MCW Students Help Address Vaccine Hesitancy in Latinx Community

Concerned about the impact of COVID-19 on the Latinx community in Milwaukee’s South Side, Ana Maria Viteri, a second-year medical student at the Medical College of Wisconsin (MCW), decided she needed to do something to help. Following the example of her mother, who conducted outreach in the community for years, Viteri wanted to bring valuable information and resources related to COVID-19 and its vaccine directly to residents.

“I thought it would be important if we could encourage higher vaccination rates,” says Viteri, who was born in Ecuador but moved to the United States in 2006 at the age of 9. “Our underserved Latinx community members have been impacted disproportionately by COVID-19.”

According to the Wisconsin Department of Health Services, communities of color, including Hispanics, in the state have experienced higher rates of death and hospitalizations from COVID-19 since the pandemic began. In addition, Latinx residents are 1.6 times more likely to catch COVID-19 than their white counterparts and have been found to have lower vaccination rates.

“This stems from so many different things – medical mistrust, language barriers, fear of disclosing immigration status,” Viteri says. “There are so many factors that contribute to vaccine hesitancy, so as future physicians, it is important to debunk some of the misinformation.”

Knowing the urgency of the challenge at hand, Viteri reached out to fellow executive board members of the MCW chapter of the Latino Medical Student Association (LMSA): Jessie Duarte, Marisa Tobes, Tamara Schroeder, Gabriel Lira, Cristhian Gutierrez Huerta, Raquel Valdes, and Laura Carrillo. LMSA, a national organization created to unite and empower current and future physicians through service, mentorship and advocacy, happened to be offering competitive grants through the LMSA Midwest region to support community projects like the one Viteri and her colleagues had in mind.

Raquel Valdes and Laura Carrillo, community service co-chairs for the MCW chapter of LMSA, and third-year medical student, Jose Gomez, put together a grant proposal that was accepted. The award provided funds to purchase face masks to distribute to the community during outreach events with educational materials. The group also collaborated with Al Castro and Shary Perez, representatives of the United Community Center (UCC), a South Side nonprofit, which provided funds for materials and training for LMSA members on how to have conversations about COVID-19 and the vaccine in the community. The Medical College of Wisconsin’s Student Assembly also provided additional funding to support the cause.

“Having the opportunity to collaborate with UCC definitely helped us have a bigger impact. This is the importance of building community partnerships,” says Carrillo.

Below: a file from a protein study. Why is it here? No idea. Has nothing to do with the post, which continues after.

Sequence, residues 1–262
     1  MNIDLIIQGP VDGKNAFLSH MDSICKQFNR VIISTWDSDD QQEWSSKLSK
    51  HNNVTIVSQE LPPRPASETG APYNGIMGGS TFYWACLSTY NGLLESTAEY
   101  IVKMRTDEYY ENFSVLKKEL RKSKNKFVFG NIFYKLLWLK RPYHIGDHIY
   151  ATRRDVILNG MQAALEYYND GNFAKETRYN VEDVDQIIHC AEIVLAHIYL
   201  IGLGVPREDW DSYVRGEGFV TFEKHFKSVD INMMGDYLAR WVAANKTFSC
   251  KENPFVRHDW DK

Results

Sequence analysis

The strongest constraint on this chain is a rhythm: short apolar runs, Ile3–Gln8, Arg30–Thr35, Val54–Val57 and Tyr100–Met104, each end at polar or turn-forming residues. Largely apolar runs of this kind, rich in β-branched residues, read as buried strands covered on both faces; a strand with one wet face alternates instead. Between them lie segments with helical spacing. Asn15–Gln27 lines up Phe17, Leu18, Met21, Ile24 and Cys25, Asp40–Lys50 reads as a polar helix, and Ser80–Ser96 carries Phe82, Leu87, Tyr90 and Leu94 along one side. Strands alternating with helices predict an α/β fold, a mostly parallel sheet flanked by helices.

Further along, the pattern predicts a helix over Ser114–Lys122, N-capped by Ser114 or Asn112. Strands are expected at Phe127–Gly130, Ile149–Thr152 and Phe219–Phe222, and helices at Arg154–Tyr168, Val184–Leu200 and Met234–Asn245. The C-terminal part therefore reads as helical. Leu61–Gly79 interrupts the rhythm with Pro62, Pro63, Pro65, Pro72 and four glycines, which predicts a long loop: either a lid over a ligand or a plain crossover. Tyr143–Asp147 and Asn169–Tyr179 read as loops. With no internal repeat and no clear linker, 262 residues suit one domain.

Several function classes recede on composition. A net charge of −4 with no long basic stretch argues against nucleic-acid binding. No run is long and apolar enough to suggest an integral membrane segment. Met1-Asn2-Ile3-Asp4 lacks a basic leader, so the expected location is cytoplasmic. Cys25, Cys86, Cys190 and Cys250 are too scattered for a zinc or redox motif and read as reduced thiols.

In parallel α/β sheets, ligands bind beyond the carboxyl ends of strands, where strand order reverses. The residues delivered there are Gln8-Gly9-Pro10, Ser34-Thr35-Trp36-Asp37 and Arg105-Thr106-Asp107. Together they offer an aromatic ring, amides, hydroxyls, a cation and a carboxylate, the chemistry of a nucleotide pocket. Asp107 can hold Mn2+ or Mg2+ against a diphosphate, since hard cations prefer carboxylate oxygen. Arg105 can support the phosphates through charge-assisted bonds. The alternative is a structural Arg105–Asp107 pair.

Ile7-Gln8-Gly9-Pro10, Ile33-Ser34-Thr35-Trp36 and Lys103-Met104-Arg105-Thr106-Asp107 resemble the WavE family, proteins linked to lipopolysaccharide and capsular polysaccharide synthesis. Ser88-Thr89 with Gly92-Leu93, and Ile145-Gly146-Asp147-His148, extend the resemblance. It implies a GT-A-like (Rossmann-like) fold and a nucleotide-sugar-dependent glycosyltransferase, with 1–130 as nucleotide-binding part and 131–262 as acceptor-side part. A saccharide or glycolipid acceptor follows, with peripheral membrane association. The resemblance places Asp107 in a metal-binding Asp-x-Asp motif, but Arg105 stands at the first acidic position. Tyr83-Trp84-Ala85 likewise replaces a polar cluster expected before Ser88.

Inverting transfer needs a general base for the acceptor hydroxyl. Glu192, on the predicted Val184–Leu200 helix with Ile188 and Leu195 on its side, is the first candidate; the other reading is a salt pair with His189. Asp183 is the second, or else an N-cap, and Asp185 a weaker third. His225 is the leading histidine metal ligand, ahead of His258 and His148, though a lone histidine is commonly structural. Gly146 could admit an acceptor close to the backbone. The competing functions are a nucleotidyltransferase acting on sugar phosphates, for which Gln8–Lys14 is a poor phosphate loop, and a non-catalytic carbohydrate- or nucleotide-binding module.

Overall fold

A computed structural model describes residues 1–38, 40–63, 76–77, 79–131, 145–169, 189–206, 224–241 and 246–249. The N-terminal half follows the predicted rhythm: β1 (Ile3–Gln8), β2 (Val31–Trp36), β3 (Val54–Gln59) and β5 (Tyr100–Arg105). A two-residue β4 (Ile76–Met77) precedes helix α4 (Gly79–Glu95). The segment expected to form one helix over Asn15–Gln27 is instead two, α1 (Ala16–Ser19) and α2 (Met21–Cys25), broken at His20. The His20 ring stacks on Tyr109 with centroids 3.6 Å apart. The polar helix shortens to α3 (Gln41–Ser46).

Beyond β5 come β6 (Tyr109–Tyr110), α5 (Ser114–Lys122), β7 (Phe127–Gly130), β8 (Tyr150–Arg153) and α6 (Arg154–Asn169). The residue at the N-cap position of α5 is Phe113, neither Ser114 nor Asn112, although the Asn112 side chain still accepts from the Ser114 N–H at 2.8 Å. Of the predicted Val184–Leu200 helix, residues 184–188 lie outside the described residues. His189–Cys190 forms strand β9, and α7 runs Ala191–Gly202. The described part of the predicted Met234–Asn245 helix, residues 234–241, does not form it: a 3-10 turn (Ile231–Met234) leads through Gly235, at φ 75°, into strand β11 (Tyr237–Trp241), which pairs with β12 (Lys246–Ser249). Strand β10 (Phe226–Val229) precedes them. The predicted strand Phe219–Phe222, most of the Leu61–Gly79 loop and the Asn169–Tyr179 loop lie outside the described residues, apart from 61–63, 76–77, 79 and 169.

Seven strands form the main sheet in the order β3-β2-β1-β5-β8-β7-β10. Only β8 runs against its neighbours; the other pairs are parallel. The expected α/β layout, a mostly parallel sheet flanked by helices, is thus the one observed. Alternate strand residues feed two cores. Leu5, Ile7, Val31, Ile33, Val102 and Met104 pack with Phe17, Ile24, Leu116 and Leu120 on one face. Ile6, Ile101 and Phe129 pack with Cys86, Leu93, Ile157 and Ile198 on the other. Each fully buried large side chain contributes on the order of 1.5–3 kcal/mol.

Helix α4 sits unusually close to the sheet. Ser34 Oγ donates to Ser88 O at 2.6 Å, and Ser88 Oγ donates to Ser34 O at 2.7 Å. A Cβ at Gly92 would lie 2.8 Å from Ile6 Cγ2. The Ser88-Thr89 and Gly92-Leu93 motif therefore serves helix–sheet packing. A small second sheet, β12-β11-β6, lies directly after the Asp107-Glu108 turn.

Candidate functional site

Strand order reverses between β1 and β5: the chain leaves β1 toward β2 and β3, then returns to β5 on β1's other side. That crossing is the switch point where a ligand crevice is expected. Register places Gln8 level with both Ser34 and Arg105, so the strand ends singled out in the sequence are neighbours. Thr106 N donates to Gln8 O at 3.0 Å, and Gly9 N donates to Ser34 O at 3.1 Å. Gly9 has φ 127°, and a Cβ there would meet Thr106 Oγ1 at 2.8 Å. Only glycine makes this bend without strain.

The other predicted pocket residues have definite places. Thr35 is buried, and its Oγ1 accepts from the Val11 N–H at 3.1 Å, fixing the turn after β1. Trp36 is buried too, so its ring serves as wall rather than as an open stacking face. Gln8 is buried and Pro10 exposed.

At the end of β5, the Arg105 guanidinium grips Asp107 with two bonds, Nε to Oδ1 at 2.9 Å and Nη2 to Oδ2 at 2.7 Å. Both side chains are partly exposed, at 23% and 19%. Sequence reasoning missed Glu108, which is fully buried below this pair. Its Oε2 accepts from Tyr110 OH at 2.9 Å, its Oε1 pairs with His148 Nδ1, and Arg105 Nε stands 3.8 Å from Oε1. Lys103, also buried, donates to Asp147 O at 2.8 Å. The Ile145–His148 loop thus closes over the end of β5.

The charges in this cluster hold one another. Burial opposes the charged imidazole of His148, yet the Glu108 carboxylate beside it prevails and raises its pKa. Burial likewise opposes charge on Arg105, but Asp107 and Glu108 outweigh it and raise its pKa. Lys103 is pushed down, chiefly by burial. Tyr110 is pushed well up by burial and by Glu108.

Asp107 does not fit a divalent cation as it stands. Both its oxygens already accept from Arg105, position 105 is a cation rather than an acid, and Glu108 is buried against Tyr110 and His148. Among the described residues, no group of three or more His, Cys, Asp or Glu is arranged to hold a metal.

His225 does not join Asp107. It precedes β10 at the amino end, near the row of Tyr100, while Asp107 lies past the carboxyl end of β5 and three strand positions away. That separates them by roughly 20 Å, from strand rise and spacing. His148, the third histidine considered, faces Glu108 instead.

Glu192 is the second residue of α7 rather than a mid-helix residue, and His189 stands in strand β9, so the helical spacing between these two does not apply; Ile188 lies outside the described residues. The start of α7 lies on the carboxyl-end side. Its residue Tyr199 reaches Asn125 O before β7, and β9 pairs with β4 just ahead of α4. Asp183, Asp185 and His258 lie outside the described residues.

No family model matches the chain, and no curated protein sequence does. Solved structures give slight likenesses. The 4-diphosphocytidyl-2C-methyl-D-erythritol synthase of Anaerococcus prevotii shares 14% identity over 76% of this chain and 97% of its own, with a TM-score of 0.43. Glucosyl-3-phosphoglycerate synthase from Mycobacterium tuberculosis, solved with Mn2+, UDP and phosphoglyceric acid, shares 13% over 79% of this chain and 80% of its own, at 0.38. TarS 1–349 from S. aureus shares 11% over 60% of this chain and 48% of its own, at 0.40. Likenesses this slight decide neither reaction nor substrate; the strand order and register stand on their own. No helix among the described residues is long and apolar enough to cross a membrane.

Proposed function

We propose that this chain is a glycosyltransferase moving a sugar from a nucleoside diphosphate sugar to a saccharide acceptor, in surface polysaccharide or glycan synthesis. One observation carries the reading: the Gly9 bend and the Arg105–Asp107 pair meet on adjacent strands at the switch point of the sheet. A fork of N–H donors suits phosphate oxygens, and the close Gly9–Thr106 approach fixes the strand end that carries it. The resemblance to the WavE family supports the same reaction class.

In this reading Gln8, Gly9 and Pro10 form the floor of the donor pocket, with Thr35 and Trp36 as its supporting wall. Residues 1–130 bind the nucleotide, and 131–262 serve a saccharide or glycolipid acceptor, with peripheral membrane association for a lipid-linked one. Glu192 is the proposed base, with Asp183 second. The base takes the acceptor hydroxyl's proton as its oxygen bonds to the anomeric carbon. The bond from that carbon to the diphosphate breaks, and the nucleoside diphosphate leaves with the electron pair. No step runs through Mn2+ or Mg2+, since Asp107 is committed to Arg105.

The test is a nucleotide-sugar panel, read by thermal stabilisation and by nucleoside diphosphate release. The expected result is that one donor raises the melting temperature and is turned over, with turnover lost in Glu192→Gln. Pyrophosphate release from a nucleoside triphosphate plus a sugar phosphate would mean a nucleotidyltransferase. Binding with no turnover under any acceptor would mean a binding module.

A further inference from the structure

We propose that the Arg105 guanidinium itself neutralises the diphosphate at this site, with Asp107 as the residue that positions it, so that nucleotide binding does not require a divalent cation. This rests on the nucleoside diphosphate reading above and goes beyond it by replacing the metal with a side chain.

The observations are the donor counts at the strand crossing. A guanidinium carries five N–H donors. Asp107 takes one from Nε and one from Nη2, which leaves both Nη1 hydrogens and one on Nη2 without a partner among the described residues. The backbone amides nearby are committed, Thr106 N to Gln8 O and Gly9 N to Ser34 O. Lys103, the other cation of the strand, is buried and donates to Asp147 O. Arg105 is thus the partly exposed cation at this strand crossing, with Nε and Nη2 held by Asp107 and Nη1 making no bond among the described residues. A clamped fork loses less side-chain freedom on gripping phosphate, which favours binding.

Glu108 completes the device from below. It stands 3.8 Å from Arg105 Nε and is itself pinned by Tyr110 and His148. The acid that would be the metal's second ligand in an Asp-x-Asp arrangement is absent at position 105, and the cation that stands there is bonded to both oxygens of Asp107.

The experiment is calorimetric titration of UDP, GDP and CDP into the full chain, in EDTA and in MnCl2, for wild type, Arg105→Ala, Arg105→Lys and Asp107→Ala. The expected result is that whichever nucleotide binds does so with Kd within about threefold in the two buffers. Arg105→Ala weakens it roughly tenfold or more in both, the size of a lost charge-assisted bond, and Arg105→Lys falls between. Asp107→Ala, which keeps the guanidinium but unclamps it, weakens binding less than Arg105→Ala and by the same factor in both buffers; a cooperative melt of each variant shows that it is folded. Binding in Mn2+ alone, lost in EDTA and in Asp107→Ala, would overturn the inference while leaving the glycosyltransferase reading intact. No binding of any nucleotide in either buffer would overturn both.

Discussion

The group’s first stops were South Side churches.

“In Latinx populations, faith-based organizations are very important to our daily lives,” Viteri explains. “From a cultural standpoint, religion and places of worship play a central role in the lives of many of our Hispanic/Latinx community members who oftentimes turn to spiritual leaders for guidance.”

At the time, there was less information about who the vaccine would be made available to and how to access it, Viteri says, as well as a large amount of false information about the vaccine spreading throughout the community. By speaking to congregants during sermons at church, the group was able to dispel some of that false information and build trust in the vaccine in an intimate and important setting.

“We got a very positive response. Our community members feel so grateful to have future physicians that speak Spanish, understand the culture and have that passion of service,” Viteri shares.

The LMSA members also expanded their outreach efforts to other community events, including back-to-school fairs. Cristhian Gutierrez Huerta, an LMSA member and second-year MD/PhD student at MCW, helped the group coordinate outreach events with the organization Hispanics for School Choice. Originally from California, Gutierrez Huerta viewed this project and his other work at LMSA as extremely beneficial to helping him provide education and better understand his new community.

“LMSA gave me a really good outlet to do that and engage with people, meet with the community and understand local barriers,” Gutierrez Huerta says. “This project helped us filter out the amount of misinformation that exists in a community that can be prone to it.”

LMSA members also participated in community events that offered mobile COVID-19 vaccination clinic services. This allowed residents to have easy access to the shot once they received more information. Although some were still adamant that they didn’t want the vaccine, Viteri acknowledges, some walked right over to the mobile clinic and obtained or signed up to receive the vaccine.

“It was so rewarding to see someone that I had spoken to go and get the vaccine – to see real-life results,” Viteri shares. “As future physicians, we need to take that initiative and give back to our communities.”

“Being part of LMSA is a great way to help achieve that goal,” adds Valdes.

“Being able to impact Latinx lives in Milwaukee and elsewhere is very rewarding and something LMSA believes in,” Valdes says. “It’s really nice to help people see someone who looks like themselves or grew up in a similar community tell them, ‘Oh I got the vaccine, and it works!’”